Hey Mary Poppins. I think you are right about the people having trouble with those illnesses. I think the BLoomberg show I mentioned was probably propaganda. CEOS and hedge fund mangers are not good examples of people with aspergers.
Interesting about the structured environment Graham. I can see why that is comforting with the social situation aspect. It is difficult and stressful adjusting to new people with aspergers.We are often mis-interpreted too. So in a normal environment where one has to meet new people and interact all the time is frustrating and stressful. This can lead to crashing.
On the other hand, I totally dislike my work being structured. I think I would be happier if my work were more structured. Not having the stress and energy drain. However, at the same time,I find myself mentally unchallenged with structured work. I get really bored really fast if there is not a new challenge. On one hand I'm super perceptive and creative, on the other hand I get dragged down with all the people issues. The totally opposing views pulls me in opposing directions.
I don't know if it is related to aspergers, but when working I had this unique ability to think out of the box(I'm now too sick/tired when brain storming) I know this because I used to work in research and development with many bright and exceptional people. I have an extremely unique ability to "think outside" of the box. I can look at a problem where everybody had been using the similar approaches for years, and come up with a totalyl unexpected solution. My managers had noticed, and co-workers too. I've had to just keep creating, and I think it's possible part of that could be related to the aspergers but have no way of knowing.
My co-workers found it akward though. They had no idea what to do with me because me creative ablities were way over my people skills needed to do the others parts of the job that came with the high profile stuff I should be working on. The result was I was often put on projects that were well below my ability.
Your a hacker/programmer eah? Cool. Wish I got in to programming. My computer cassette recorder wouldn't record the code I wrote when younger and I lost interest. I have a knack for it, but never developed it completely.
You think the CFS brought it out? that's wild. Just being able to focus on one thing and be obessed with it? I find it harder to focus on details as I have gotten sicker.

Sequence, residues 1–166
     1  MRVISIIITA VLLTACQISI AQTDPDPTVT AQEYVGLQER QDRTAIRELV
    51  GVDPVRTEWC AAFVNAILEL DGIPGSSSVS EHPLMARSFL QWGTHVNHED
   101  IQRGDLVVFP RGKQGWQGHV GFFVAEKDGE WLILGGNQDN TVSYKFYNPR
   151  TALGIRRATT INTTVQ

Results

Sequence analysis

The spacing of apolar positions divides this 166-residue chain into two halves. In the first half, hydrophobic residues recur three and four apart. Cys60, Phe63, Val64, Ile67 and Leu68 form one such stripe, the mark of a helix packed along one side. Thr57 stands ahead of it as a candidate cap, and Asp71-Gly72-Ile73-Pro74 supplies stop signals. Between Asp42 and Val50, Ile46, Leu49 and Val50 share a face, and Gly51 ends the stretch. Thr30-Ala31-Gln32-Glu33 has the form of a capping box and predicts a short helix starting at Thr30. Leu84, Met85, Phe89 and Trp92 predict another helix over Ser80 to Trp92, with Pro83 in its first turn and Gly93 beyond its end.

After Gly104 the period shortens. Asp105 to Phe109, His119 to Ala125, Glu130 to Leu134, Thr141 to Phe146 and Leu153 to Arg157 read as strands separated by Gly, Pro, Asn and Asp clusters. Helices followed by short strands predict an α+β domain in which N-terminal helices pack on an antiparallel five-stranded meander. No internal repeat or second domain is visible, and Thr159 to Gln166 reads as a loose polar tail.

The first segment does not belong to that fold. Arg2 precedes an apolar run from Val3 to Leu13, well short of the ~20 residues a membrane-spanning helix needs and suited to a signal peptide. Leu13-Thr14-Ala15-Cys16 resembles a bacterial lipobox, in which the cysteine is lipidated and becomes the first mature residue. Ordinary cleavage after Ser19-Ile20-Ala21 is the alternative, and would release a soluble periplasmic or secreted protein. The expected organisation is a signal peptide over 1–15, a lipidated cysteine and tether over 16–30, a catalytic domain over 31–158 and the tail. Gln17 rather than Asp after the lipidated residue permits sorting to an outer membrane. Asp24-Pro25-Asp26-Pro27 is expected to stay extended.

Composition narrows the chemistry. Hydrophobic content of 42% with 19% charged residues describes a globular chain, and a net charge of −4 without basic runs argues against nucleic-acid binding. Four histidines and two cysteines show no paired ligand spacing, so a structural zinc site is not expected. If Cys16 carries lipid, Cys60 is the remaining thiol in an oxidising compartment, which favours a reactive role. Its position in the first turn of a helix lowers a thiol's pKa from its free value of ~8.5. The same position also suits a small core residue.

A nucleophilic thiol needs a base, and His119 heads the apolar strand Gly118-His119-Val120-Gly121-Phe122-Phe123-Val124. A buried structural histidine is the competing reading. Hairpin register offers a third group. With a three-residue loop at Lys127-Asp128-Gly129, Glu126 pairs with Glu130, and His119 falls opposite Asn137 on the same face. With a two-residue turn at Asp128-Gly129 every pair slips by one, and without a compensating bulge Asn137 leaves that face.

I know exactly what you mean. I got on pretty well with a couple of my students that had Aspergers, and, like you, they were able to come up with some really fresh ideas and to see things that challenged me (which I really enjoyed). If you look back through the great thinkers and scientists over history, it is reassuring to see just how many of them had some sort of "difference", whether it was physical or mental. I often think that it is that sort of challenge that enables or encourages fresh outlooks.
I spent some time in industry in the late 70s as a teacher/industry liaison bod, and came across lots of examples of gifted IT staff having troubles communicating with engineers, despite both being scientific in nature. I was almost tempted to change careers and try my hand as an intermediary.
One thing that has struck me though is the high proportion of people with ME/CFS who have someone on the autistic/Asperger's spectrum in their family. It seem from my experience to be very much higher than the norm.
Good point about encouraing fresh outlooks.
That a great idea about becoming an intermediary. Seems like there is defintely a need for that considering how many kids have problems coming down the pipeline.
Good point about the ME and Apsergers. I probably could have both diagnosis. Interesting thing I feel my family all has been affected with similar health issues, but just have different problems. My mom has the pain and stomach issues. Dad has hearing, fatigue, vision, sinus congestion, brain problems, and more. Brother has CFS and bi-polar. Everybody has been pretty much dysfunctional for years. I think my mom had problems back the mid 60's before I was born.